>  [26]      B
>  [27]      Second, a careful examination of the records and writings of
>            the constitutional period leads us to conclude that the
>            Framers did not intend to allow the housekeeping provisions
>            of the recess appointment clause to impinge on their
>            paramount concern for judicial independence.
>  [28]      The experience of the Framers with the colonial judiciary had
>            not been a happy one. Prior to the Glorious Revolution of
>            1688, English judges had been "lions under the throne,"
>            creatures of the King. The Act of Settlement of 1701 had
>            remedied this situation in England by granting English judges
>            life tenure and undiminishable compensation. But the Act had
>            no effect in the colonies. In their lack of independence from
>            the Executive, the colonial judiciaries remained similar to
>            those of the England of Charles I. Courts were constituted by
>            the colonial governors under authority of the crown. Any
>            attempt by the governors or the colonial assemblies to free
>            judges from royal control was rapidly quashed. E. Russell,
>            Review of Colonial Legislation 189 (1915). Colonial history
>            is replete with examples of royal abuse of judicial power.
>            Judges who did not follow the wishes of the King or royal
>            governor were summarily discharged. See Pittman, The
>            Emancipated Judiciary in America: Its Colonial and
>            Constitutional History, 37 A.B.A.J. 485, 488 & n. 5 (1951)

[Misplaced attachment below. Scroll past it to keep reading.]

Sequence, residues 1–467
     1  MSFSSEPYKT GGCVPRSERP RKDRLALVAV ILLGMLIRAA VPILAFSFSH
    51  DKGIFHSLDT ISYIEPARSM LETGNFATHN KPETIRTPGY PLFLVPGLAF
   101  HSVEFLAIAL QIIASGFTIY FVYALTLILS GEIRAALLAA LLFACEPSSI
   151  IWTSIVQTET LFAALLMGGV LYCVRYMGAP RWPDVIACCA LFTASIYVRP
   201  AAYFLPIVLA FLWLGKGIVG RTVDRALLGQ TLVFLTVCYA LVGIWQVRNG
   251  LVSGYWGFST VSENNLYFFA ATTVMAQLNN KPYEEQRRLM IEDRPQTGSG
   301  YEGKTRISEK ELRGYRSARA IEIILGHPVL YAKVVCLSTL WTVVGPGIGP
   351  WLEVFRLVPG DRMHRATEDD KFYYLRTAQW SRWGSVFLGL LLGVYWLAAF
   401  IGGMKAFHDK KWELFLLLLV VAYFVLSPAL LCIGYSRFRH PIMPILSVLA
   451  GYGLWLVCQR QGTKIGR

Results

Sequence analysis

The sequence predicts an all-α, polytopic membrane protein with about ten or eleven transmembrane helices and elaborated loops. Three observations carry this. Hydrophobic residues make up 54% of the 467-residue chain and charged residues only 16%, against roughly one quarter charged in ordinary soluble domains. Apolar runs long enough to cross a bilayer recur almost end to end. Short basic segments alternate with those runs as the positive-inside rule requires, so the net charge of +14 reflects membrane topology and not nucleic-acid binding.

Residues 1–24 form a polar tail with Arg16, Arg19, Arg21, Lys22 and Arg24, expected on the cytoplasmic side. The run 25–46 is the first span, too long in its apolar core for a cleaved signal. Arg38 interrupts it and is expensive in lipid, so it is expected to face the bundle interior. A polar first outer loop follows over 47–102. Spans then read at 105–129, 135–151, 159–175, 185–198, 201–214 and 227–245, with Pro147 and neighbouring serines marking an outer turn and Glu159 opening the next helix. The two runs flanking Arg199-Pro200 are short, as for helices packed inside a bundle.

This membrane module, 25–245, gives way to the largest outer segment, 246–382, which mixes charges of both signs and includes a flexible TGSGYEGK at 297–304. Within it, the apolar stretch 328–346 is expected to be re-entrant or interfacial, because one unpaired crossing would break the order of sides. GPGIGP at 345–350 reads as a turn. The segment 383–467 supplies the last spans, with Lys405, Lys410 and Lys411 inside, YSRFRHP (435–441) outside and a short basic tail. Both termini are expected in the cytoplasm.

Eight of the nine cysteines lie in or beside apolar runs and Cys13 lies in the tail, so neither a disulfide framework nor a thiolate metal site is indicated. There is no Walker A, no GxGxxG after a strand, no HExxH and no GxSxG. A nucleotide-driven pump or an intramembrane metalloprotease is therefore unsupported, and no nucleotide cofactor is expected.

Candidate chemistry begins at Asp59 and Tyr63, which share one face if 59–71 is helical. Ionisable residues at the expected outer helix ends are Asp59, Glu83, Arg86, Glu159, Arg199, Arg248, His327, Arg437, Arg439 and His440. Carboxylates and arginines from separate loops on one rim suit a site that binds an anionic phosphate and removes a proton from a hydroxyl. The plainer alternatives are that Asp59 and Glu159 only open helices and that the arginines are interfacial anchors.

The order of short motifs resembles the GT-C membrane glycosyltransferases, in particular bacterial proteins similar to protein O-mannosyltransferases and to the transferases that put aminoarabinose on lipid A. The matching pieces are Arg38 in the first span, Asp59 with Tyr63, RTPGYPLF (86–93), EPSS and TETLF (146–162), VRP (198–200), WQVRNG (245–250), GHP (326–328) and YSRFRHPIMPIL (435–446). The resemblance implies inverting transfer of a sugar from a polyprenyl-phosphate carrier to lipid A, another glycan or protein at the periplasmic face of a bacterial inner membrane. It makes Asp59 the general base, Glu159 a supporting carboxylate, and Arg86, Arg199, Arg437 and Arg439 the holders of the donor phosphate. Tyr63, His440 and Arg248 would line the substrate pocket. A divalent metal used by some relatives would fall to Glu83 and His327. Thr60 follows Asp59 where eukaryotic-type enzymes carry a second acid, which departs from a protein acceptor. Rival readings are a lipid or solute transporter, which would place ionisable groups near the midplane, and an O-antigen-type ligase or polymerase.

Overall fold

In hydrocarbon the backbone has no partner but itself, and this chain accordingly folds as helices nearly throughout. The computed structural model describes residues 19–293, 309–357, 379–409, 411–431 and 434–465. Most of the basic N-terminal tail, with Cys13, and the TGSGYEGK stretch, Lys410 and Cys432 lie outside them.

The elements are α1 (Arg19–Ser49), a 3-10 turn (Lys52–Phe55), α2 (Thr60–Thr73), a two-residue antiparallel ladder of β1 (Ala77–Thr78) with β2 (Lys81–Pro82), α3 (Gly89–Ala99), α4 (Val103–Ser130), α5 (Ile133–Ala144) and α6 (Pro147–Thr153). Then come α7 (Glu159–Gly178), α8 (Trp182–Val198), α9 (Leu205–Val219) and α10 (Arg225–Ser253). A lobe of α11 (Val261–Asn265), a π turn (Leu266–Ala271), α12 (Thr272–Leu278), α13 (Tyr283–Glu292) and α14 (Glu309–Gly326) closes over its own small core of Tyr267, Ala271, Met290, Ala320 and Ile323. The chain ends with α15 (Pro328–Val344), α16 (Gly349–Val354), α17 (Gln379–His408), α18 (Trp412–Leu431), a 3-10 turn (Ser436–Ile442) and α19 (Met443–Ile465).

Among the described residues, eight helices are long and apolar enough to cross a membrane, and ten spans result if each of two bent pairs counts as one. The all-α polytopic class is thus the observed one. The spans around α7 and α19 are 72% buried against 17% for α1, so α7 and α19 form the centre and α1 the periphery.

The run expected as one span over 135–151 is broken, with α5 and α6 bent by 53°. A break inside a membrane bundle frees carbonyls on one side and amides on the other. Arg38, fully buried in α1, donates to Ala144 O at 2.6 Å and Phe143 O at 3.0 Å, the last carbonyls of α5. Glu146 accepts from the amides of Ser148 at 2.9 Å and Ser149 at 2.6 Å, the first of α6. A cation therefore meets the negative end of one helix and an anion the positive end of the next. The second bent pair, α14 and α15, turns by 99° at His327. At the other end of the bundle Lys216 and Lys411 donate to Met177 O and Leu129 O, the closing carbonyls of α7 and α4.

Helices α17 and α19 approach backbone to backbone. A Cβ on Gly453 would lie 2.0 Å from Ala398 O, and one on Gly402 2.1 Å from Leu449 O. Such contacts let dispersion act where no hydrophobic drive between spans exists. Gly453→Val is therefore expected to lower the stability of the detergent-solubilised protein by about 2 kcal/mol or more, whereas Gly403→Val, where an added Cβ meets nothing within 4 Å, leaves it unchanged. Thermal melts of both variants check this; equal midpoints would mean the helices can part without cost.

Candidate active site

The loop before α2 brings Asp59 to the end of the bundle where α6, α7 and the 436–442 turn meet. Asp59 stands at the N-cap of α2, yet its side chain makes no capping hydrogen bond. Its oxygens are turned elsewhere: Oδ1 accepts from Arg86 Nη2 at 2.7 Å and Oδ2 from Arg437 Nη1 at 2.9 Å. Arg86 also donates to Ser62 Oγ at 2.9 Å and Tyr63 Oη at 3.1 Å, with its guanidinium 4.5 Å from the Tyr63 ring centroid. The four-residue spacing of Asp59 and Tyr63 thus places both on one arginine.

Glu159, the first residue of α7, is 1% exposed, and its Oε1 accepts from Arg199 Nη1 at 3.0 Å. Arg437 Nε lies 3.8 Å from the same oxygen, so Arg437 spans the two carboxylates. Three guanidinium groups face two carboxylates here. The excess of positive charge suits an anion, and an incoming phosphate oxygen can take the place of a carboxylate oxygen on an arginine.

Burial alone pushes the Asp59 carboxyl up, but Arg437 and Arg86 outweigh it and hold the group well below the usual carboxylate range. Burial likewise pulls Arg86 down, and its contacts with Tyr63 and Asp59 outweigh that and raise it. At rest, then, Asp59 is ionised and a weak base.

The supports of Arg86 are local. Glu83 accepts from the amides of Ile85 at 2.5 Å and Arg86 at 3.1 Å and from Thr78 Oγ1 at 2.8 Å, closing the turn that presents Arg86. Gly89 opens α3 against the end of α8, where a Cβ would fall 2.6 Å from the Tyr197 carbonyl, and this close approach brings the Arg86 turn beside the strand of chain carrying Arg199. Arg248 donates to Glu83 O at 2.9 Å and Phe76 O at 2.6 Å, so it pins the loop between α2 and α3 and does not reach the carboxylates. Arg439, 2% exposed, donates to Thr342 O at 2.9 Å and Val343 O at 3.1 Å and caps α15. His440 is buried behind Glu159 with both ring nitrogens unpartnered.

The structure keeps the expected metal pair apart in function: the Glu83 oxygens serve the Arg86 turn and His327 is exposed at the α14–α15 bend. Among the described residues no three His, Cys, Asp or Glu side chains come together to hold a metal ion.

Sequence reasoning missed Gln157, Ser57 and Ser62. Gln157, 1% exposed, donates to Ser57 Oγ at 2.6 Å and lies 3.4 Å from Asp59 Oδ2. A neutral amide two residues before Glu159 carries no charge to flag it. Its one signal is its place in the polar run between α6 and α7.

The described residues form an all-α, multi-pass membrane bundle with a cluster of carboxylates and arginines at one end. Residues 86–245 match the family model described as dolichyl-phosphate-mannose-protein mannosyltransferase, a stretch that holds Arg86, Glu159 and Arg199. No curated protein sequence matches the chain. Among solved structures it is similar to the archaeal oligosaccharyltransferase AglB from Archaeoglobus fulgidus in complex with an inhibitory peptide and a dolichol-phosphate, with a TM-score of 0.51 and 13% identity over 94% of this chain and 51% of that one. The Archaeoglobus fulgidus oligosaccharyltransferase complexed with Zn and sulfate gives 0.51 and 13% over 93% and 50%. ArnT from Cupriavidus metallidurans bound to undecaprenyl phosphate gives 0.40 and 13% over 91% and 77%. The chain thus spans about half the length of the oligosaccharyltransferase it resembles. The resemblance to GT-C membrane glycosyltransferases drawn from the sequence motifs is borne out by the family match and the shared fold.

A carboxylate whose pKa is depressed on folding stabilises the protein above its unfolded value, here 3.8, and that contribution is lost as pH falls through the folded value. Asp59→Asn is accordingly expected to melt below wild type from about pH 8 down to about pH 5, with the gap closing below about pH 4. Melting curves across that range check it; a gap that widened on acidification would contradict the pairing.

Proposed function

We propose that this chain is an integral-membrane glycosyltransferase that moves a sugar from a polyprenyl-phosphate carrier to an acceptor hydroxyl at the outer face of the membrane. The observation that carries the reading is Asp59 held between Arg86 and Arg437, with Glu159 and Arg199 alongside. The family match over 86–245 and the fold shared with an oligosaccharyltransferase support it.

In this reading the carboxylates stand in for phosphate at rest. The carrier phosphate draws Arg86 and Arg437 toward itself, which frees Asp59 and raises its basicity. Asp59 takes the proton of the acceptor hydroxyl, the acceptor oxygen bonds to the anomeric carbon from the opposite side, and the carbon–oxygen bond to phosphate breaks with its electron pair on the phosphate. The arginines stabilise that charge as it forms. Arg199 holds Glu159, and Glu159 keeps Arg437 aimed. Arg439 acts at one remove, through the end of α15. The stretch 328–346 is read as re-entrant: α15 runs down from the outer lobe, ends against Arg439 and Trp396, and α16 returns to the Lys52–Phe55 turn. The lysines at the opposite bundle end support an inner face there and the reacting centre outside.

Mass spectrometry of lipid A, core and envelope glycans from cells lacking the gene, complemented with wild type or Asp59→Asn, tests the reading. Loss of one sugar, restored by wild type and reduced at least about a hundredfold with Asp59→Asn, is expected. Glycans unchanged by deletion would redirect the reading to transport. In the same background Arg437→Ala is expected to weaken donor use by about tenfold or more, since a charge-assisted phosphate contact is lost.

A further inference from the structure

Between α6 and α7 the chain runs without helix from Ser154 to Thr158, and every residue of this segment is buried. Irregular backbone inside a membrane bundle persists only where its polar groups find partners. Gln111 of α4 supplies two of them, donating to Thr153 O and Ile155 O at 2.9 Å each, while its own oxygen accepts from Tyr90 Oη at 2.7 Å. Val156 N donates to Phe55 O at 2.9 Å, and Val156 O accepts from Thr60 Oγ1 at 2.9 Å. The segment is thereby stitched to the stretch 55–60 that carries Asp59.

>            (citing 6 North Carolina Colonial Records 591; 9 New Jersey
>            Archives 321; 7 New York Colonial Documents 476; 11 Board of
>            Trade Journal 229-233). The signers of the Declaration of
>            Independence charged that the King
>  [29]      obstructed the administration of justice by refusing his
>            assent to laws for establishing judiciary power. He has made
>            judges dependent on his will alone for the tenure of their
>            office and the amount and payment of their salaries.
>  [30]      The Declaration of Independence para. 13 (U.S. 1776).
>  [31]      In reaction to the excesses of the colonial courts, the
>            Framers emphasized strongly and repeatedly the need for an
>            independent judiciary. Hamilton, for instance, stated:
>  [32]      agree that "there is no liberty, if the power of judging be
>            not separated from the legislative and executive powers." And
>            it proves, in the last place, that as liberty can have
>            nothing to fear from the judiciary alone, but would have
>            every thing to fear from its union with either of the other
>            departments; that as all the effects of such an union must
>            ensue from a dependence of the former on the latter,
>            notwithstanding a nominal and apparent separation; that as